In these circumstances, and in view of the impending termination of the Mandatory régime, although the rights of United States citizens in judicial matters, as indicated above, are fully protected, not only by the arrangements described in paragraph 2 of the present note, but also by the most-favoured-nation rights secured to the United States by Article 7 of the Tripartite Convention, the United States Government will no doubt consider the desirability of taking the necessary steps to negotiate the new Agreement, provided for in paragraph 2 of Article 7 of the Tripartite Convention with the Iraqi Government direct.

I have [etc.]

(For the Secretary of State:)
G. W. Rendel
  1. Infra.
  2. League of Nations, Official Journal, July 1932, p. 1347.
  3. Ibid., p. 1342.
  4. See League of Nations, Official Journal, July 1932, pp. 1212–1216.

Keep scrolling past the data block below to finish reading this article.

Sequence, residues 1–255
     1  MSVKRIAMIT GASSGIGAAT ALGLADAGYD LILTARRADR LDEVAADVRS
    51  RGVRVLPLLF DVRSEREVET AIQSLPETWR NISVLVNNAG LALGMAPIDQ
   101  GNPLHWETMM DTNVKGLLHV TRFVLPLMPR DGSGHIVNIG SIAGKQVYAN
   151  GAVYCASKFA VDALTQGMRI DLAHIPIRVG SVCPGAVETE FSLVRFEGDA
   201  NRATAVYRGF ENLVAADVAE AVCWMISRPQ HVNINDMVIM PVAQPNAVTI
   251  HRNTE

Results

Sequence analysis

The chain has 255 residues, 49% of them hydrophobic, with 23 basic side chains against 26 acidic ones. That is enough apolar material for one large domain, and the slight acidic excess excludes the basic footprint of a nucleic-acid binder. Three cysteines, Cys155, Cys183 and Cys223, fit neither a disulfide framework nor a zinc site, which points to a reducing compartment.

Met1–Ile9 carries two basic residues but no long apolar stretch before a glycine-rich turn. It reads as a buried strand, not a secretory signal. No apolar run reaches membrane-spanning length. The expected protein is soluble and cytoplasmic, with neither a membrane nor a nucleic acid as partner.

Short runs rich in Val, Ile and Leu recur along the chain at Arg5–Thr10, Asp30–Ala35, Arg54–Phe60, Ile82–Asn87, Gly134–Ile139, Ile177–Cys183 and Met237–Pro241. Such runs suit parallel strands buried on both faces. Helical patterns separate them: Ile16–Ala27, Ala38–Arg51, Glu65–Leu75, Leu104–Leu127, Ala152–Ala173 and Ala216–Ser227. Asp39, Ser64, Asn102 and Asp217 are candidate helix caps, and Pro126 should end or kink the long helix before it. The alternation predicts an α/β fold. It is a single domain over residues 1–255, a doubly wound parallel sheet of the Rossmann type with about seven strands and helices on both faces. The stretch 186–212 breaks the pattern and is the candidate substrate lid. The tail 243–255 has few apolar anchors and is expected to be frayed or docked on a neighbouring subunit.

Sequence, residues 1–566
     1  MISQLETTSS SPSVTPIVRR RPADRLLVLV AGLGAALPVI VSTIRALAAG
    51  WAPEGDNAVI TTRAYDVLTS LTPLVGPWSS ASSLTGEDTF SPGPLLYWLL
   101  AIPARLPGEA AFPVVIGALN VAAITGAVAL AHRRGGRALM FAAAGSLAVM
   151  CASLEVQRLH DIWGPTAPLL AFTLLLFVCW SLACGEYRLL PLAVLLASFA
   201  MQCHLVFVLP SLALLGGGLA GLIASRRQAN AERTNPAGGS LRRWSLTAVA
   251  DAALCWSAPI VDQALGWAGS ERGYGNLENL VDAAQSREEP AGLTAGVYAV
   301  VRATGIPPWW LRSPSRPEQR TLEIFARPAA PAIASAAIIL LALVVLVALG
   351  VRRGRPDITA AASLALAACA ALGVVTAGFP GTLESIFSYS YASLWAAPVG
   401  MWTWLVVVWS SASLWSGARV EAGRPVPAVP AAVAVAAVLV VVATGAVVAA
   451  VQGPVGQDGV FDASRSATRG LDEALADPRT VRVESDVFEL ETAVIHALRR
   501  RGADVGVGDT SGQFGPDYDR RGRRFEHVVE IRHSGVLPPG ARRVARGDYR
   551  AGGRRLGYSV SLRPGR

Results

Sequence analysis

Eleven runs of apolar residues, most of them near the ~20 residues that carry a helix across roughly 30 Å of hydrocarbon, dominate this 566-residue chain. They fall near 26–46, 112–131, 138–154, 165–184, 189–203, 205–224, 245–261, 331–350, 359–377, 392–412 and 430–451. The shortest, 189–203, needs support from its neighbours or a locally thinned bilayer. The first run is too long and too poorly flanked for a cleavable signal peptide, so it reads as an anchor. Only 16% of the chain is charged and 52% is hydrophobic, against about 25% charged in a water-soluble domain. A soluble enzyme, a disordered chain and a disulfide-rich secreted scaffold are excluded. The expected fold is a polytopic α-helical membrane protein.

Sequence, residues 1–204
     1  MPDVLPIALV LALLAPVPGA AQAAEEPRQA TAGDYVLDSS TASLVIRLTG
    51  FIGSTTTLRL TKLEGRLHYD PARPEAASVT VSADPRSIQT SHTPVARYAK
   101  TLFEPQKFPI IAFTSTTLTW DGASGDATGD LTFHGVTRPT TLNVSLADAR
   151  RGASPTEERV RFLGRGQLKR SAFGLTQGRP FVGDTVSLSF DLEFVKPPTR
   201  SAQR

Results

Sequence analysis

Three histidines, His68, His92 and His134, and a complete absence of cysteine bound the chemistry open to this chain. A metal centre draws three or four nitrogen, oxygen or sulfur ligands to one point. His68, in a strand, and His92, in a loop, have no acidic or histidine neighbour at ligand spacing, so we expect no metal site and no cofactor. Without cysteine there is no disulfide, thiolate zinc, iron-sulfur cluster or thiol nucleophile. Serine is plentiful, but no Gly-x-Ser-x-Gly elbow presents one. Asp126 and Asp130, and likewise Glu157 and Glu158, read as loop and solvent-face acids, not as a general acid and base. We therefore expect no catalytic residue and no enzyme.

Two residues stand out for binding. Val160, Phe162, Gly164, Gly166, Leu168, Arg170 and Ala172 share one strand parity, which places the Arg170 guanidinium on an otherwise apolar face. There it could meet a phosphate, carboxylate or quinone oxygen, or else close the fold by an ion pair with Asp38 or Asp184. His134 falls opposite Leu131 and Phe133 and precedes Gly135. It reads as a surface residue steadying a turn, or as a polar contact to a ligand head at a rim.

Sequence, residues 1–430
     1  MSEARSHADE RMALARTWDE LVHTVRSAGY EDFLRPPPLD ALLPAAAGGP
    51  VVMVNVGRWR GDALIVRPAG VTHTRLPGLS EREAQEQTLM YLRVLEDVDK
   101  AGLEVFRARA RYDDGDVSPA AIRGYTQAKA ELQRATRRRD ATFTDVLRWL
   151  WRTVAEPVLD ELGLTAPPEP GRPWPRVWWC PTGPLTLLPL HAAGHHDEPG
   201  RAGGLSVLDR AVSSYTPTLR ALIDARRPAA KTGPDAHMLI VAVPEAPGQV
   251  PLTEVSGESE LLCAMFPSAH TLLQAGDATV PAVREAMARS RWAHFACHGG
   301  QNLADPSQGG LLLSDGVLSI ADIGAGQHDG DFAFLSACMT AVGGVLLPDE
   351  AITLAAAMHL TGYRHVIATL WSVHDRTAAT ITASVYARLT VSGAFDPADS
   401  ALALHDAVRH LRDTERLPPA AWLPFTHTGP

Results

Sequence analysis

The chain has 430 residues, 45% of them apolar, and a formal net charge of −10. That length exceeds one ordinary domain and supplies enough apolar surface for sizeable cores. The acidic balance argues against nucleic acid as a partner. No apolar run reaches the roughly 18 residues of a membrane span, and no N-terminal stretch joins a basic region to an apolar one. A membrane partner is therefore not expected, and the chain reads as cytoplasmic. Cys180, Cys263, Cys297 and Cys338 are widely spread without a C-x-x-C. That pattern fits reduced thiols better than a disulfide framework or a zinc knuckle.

5. Ibid., p. 1347.
  6. Great Britain, Cmd. 3933, Treaty Series No. 33 (1931).
  7. Not printed.
  8. The agreement was signed March 25, 1924; see League of Nations Treaty Series, vol. xxxv, p. 131.
  9. League of Nations, Official Journal, July 1932, p. 1342.
  10. Ibid., October 1924, p. 1346.
  11. League of Nations Treaty Series, vol. xxxv, p. 13.
  12. Treaties, Conventions, etc., 1910–1923, vol. iii, p. 3336.
  13. League of Nations, Official Journal, July 1932, p. 1212.
  14. League of Nations Treaty Series, vol. xxxv, p. 13.
  15. Ibid., vol. xlvii, p. 427.